Governments To Agree New UN Migration Agenda For Asia And Pacific


The Asia-Pacific Regional Preparatory Meeting for the Global Compact for Safe, Orderly and Regular Migration, opened in Bangkok this week with a call for governments in the region to take action through economic, social and environmental policies to safeguard the rights and interests of all migrants, high- and low-skilled workers alike.

Policymakers, civil society, academia and experts from 44 countries are gathered at the three-day forum organized by the United Nations Economic and Social Commission for Asia and the Pacific (ESCAP), in partnership with IOM, as well as ILO, UNFPA, UNHCR and UN Women, to provide regional input into the Global Compact – the first intergovernmental document developed under the auspices of the United Nations, to cover all dimensions of international migration.

At the opening today, United Nations Under-Secretary-General and Executive Secretary of ESCAP Dr. Shamshad Akhtar highlighted that Asia and the Pacific has long welcomed migrants, whether for economic benefits or to accommodate those displaced, and whilst they make invaluable contributions to both their countries of origin and destination, migrants are also exposed to a range of vulnerabilities.

“As non-citizens of their countries of residence, and non-residents of their countries of citizenship, migrants are often bypassed in both home and host countries. As a result, their rights are often not respected and their contributions may go unrecognised. Migrants are often poorly paid, concentrated in labour work, employed in low-skill jobs and in the informal sector requiring difficult and sometimes dangerous physical labour,” said Dr. Akhtar.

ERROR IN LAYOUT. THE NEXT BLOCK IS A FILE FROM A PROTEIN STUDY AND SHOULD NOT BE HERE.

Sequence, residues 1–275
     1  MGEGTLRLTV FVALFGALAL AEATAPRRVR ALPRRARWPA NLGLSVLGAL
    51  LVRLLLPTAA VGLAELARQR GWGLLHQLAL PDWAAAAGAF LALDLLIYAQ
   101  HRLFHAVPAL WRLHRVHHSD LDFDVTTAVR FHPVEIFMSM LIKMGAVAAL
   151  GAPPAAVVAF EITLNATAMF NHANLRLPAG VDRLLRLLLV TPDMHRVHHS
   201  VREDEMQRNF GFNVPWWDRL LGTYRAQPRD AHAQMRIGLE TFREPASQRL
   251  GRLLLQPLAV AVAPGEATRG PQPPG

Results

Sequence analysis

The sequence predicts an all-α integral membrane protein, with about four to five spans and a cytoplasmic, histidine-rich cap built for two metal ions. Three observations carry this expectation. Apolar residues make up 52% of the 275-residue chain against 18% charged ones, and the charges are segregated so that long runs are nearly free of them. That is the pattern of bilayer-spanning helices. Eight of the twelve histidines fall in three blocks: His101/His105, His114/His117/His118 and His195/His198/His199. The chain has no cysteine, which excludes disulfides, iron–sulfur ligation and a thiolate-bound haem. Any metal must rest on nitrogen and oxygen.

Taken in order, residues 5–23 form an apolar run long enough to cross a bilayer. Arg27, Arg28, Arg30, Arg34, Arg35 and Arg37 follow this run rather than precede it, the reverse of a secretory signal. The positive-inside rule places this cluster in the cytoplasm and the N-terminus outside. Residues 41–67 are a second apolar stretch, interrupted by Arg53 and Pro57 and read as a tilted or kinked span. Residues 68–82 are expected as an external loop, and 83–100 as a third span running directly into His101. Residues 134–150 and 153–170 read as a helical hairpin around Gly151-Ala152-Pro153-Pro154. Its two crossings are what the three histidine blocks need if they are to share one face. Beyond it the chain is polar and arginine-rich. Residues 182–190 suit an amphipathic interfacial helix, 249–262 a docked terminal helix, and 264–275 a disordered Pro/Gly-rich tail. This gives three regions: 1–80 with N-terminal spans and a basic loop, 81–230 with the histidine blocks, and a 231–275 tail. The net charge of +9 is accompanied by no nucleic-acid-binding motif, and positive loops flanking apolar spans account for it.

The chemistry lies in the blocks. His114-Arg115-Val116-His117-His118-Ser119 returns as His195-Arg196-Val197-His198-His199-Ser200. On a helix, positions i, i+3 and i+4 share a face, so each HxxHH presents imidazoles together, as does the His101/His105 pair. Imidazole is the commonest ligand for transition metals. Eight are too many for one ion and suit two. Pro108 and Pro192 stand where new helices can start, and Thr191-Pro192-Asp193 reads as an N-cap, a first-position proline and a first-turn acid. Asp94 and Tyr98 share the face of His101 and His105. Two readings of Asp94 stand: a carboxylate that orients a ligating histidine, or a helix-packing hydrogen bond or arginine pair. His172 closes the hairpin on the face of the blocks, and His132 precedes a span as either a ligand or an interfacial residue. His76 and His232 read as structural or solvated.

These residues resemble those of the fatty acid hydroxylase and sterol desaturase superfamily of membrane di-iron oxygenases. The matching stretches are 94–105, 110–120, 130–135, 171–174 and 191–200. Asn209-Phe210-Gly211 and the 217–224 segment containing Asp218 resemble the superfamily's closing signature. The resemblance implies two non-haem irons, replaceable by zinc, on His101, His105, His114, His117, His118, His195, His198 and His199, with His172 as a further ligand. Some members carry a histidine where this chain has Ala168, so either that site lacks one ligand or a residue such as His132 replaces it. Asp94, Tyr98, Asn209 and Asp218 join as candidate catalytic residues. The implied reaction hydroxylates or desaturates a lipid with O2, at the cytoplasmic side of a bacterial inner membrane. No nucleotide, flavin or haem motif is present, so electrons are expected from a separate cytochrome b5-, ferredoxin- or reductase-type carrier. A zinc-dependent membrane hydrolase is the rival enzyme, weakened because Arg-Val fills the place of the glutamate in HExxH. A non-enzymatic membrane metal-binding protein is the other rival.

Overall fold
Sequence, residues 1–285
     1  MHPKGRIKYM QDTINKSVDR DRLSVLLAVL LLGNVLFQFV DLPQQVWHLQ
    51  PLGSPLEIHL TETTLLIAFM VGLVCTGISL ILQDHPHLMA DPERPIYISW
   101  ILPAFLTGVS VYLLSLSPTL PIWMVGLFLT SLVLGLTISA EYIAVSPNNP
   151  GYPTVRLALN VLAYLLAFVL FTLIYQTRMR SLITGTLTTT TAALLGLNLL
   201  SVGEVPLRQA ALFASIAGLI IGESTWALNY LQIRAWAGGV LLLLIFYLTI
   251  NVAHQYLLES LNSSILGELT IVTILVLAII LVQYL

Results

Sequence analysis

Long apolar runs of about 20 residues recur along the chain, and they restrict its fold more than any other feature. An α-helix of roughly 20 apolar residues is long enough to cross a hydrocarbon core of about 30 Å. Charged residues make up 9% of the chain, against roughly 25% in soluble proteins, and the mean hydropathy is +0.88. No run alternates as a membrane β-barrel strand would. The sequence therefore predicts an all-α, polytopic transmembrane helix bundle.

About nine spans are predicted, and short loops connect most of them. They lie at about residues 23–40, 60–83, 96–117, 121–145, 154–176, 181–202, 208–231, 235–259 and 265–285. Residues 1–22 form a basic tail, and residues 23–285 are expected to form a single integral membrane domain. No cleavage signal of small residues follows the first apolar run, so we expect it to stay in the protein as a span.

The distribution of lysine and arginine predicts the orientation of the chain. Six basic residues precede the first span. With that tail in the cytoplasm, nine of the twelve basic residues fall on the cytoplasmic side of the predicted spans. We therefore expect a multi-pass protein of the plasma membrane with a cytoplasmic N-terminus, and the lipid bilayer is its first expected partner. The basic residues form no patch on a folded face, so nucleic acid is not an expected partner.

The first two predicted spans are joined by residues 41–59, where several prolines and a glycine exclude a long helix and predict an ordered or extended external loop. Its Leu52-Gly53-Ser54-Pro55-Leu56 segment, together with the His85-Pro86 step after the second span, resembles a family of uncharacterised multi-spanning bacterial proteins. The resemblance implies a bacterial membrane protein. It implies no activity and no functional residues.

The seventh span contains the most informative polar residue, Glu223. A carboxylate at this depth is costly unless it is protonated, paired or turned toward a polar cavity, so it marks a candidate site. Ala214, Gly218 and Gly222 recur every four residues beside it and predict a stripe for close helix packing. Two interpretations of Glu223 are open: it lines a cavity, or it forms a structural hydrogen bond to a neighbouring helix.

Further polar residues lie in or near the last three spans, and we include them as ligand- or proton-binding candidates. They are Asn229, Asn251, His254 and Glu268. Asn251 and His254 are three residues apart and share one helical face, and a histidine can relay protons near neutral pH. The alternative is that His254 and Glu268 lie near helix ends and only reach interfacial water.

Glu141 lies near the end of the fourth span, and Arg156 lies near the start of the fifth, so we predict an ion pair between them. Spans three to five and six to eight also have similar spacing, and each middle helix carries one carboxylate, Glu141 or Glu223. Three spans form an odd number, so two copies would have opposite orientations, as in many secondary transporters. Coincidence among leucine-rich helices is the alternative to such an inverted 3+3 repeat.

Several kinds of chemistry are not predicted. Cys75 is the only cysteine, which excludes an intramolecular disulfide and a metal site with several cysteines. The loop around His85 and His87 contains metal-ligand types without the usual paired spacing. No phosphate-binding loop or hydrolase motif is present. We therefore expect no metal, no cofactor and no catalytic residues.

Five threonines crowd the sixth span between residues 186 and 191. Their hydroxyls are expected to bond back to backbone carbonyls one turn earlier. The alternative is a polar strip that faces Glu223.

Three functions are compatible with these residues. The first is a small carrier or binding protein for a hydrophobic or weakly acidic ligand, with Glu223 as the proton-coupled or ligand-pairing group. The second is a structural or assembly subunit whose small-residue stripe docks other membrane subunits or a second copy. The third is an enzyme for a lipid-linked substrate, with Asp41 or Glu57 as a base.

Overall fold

“In a world on the move, addressing these challenges directly is all the more critical. Given the economic dynamism of the region and ageing of the population in many countries, migrants can play an even bigger role in filling labour force gaps until host countries resolve the fundamental issues of ageing. With growing regional connectivity, the region will need its labour force to take fuller advantage of opportunities generated, but beyond the impact on goods and services, this will also spur people-to-people connectivity.”

Asia and the Pacific is an epicentre of international migration with over 62 million migrants residing in the region, and almost 102 million migrants originating from its shores. Most are engaged in labour migration, taking up low-skilled work in developing countries, and many face human rights abuses because of their race, gender, ethnicity or cultural background. This exploitation not only affect people’s human rights, it impacts the contributions they make both at home and abroad.

Regional priority areas of action identified at the meeting will feed into the forthcoming global preparatory stocktaking meeting for the Global Compact for Safe, Orderly, and Regular Migration in Puerto Vallarta, Mexico in December, and the negotiations in New York next year. The Global Compact is a significant opportunity to improve governance and address the challenges associated with today’s migration. It will also help to strengthen the contribution of migrants and migration to sustainable development.

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